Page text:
We next read that they worshipped Jesus as the Son of God.  Together they came to their destination and all the diseased in that region were brought to Him and all who even touched the hem of His garments were healed.  Like Jericho, Satan’s stronghold was destroyed.  Like the hosts of Midian, diseases fled the scene and as many as touched were made perfectly whole--again, something only God could do.

 

            So, what is the application for us, the saints gathered at East Winthrop and poised to enter into our annual meeting?  This: be encouraged.  Because we have worshipped well, we can anticipate that great things are about to happen. . .our faith walk is about to become a great and bold adventure.  God usually supplies us for that adventure out of our insufficiency, and not our sufficiency.  If we only attempt what we can do, there’s a danger that we will take credit where we should not.  (Precisely God’s concern for Gideon with his thousands of conscripts!)  Rather, let’s encourage one another, knowing we can do all things through the God who strengthens us. Doing His will is the only wise and affordable thing to do.  Our hope is in the Lord who made the heavens and the earth.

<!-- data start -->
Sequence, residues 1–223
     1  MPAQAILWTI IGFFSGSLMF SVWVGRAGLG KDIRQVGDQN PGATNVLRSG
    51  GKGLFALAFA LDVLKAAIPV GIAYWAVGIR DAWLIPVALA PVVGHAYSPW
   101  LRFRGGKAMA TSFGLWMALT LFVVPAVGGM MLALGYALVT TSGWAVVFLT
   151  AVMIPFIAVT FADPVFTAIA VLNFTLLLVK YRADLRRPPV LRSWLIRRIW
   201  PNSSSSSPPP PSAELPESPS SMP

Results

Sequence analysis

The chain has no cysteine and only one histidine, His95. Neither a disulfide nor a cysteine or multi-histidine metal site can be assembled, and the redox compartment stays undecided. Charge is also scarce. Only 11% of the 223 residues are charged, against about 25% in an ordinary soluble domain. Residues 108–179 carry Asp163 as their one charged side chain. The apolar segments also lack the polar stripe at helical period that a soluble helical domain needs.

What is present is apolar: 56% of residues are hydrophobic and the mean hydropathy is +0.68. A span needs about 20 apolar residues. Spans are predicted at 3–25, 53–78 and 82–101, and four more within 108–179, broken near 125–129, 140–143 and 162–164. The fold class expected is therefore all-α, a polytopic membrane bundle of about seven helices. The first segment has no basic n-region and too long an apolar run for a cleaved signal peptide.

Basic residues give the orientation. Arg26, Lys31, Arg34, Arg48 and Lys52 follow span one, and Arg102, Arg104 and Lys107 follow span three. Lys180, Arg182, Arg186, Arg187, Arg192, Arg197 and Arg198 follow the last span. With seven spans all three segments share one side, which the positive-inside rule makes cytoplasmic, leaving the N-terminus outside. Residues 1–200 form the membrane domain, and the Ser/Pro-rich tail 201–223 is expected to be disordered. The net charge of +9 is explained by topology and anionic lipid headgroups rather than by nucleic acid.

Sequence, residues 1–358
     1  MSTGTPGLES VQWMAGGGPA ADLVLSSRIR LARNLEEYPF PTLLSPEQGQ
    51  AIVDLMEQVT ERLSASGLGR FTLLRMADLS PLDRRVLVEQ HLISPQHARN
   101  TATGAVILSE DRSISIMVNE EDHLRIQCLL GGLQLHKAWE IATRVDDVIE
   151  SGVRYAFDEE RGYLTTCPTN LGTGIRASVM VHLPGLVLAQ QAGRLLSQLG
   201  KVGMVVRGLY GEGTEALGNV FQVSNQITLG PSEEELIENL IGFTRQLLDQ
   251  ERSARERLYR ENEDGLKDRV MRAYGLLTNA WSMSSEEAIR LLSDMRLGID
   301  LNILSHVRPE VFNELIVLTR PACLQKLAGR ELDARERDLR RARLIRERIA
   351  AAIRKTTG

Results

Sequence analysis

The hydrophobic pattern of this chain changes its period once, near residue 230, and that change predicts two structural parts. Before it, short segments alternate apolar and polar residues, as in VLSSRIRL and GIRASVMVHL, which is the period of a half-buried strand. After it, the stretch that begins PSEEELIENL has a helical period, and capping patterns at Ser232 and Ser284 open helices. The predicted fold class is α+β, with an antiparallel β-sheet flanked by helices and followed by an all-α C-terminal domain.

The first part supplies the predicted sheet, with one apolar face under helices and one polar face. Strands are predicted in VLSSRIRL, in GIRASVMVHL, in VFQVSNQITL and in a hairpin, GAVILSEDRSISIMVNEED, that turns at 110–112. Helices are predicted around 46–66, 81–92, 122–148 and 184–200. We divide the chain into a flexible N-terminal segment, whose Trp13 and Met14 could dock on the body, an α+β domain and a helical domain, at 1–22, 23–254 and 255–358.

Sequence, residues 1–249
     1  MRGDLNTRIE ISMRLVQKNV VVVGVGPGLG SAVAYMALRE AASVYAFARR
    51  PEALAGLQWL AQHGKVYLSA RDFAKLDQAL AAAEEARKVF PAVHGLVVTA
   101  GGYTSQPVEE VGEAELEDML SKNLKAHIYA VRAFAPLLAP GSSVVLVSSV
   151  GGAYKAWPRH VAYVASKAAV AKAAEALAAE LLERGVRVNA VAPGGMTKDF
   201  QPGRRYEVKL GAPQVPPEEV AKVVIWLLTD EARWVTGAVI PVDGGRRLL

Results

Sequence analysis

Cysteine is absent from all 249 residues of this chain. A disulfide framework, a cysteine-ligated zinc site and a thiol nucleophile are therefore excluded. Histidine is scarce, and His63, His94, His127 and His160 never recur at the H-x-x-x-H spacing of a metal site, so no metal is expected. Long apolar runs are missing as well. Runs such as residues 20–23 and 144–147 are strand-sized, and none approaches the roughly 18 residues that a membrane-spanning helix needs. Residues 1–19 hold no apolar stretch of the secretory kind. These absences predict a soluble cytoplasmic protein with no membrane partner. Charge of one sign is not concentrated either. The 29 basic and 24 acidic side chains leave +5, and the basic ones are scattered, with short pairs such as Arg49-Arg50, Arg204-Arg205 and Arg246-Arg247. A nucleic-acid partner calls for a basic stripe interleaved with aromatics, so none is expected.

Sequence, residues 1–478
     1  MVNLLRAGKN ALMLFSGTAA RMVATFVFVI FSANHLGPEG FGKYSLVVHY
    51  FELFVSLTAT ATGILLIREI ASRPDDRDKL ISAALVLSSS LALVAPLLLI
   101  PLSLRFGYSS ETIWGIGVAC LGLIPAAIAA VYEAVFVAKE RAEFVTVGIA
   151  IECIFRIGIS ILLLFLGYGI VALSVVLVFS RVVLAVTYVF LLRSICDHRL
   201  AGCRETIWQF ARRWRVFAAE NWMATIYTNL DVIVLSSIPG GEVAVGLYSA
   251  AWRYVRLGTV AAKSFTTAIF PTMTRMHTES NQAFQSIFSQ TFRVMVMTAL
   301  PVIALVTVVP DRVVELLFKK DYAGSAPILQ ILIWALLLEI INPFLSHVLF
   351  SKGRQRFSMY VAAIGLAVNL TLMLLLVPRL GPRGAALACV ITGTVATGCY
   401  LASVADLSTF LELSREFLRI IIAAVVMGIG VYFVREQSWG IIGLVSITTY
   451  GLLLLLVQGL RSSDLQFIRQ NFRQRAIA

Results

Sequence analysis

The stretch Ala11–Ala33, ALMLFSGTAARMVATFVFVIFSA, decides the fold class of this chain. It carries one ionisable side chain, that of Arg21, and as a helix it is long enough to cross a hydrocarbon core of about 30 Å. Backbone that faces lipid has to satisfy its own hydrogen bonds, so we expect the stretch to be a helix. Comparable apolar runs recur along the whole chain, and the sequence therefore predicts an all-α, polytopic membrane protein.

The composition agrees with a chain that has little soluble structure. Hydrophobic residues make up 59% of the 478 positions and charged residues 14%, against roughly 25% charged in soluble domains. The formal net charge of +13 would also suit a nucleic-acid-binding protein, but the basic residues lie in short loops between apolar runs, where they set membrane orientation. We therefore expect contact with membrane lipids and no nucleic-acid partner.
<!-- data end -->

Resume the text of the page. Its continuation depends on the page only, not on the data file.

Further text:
Amen.